6 Takeaways: RMA International’s 2019 Conference

3 min read

I spent several days in Las Vegas last week at the Receivables Management Association conference, which was a great place to meet current and prospective clients. There were a lot of great discussions including the state of regulation at both the federal and local level and potential debt-buying opportunities (i.e., which markets represent the most value). Interestingly, the topic of tech was mostly confined to discussions about how regulations put a damper on your ability to use it.

Here are a few conference takeaways:

Debt Purchase Opportunities in Subprime Auto Finance

  • Several new subprime lending entrants who have lent very aggressively in recent years are now paying the price from a loan-loss perspective. This presents a buying opportunity. U.S auto loans total nearly $1.2 trillion — $280 billion of which is subprime and $70 billion is “buy-here, pay-here” deep subprime.
  • The movement to used cars among near-prime and prime populations, combined with longer loan terms, translates to higher risk, which is further compounded by pending regulatory headwinds such as state-level regulation of GPS locators and starter disruptors.

Americans with Disabilities Act (ADA) and Applications to the ARM Industry

  • The ADA language impacting ARM indicates that agencies and servicers may not deny full and equal access to the goods and services offered at most places of public accommodation. The case was made that websites are not compliant with ADA in this industry (e.g., no speech recognition or reading devices, lack of text-based alternatives to images/video, color contrast, and alternative-keyboard functionality).

Using Big Data and Digital Communications.

  • If you’re using large data sets, you should be asking:
    • What is the data source?
    • Is it reliable?
    • Does it qualify as a consumer report under FCRA?
    • What variables are used in your data model?What differences in treatment will be dictated by the model?
  • Under strict regulatory interpretations, different delivery channels and program offers may be considered differences in treatment. As SMS use expands, there are regulatory risks to be considered, including TCPA/FDCPA and state laws, consent and mini-Miranda, and text charges. And regulatory risk from email can be interpreted as written (from/to lines, required disclosures/links) and verbal (contact at place of employment, inconvenient place/time).

GDPR in California – Does This Apply to Me?

  • Effective January 2020, the California Consumer Privacy Act (CCPA) of 2018 only covers California residents. For-profit businesses with one or more of the following are subject to this law:
    • Annual Gross Revenues >$25 million
    • Personal information of 50,000 consumers
    • Sale of personal information accounts for >=50% of annual revenues
  • If you have already done GDPR prep because you impact EU citizens, you are ahead of the game. If not, get started on CCPA gap analysis; build out a compliance time frame; solidify deidentification and aggregation practices; hone vendor management practices; and amend third-party contracts where applicable. It’s possible that California is just the beginning, and similar legislation could appear elsewhere.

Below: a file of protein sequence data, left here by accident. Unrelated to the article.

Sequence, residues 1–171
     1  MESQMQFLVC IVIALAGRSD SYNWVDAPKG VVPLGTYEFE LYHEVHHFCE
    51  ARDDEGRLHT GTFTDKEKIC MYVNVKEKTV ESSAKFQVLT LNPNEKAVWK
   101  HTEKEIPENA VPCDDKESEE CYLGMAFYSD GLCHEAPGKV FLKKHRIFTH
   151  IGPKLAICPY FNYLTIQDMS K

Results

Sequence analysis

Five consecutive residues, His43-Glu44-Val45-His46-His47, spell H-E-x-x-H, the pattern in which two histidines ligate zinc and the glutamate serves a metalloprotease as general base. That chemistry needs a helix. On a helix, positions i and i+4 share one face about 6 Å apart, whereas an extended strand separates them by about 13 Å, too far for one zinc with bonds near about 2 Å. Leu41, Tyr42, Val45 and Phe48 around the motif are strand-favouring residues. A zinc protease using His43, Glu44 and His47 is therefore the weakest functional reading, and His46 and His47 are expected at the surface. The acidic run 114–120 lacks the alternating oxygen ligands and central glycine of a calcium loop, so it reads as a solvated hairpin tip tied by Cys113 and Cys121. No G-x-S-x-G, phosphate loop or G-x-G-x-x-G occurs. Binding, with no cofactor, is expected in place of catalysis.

State and Legislative Regulatory Update

  • Political polarization will impact the industry as centrists/moderates are driven from important elected positions. Far left and far right are not far apart in terms of risk to the industry due to their populist strategy. The states that are most at-risk have a Democratic political trifecta (control of both houses and governorship), Democratic attorneys general, and leftward swings in the 2018 election.
  • The presenters said the eight states most at risk to an unfavorable regulatory environment are California, Colorado, Connecticut, Illinois, New York, Oregon, Rhode Island, and Washington. These states have numerous pieces of active pending regulations that could impact collections, consumer contact, and data management.

Are Your Calls Getting Through? How Call Blocking and Labeling is Affecting the Industry

  • Consumer feedback generally reinforces that digital user experiences (SMS, Email, Web) are positive while call experiences are poor.
  • Despite the digital push, phone remains an important channel to discuss high-value transactions, resolve complex issues, and share sensitive information. That said, robocalls and fraud have eroded the public trust in telephony, leading to more difficult interactions for agents and a significant uptick in the percentage of calls that go unanswered.
  • With a push to further regulation, telecoms have developed solutions to block/label certain calls, but some legitimate business calls are being blocked or labeled as spam in error. As a result, companies seeking to maximize contact rates need a consistent and accurate identification process for Caller ID and brand control.

I think conference attendees like to identify a few key action items from the presentations and hope to meet some companies that can help them with those pain points.  If you think Katabat can help you with our enterprise debt-collections software powered by machine learning technology, please reach out to me at mbutler@katabat.com.

Matt Butler is North American Sales Director for Katabat. Prior to joining Katabat in 2014, he spent nine years in the Financial Services Industry with a focus on collection and customer contact strategies.

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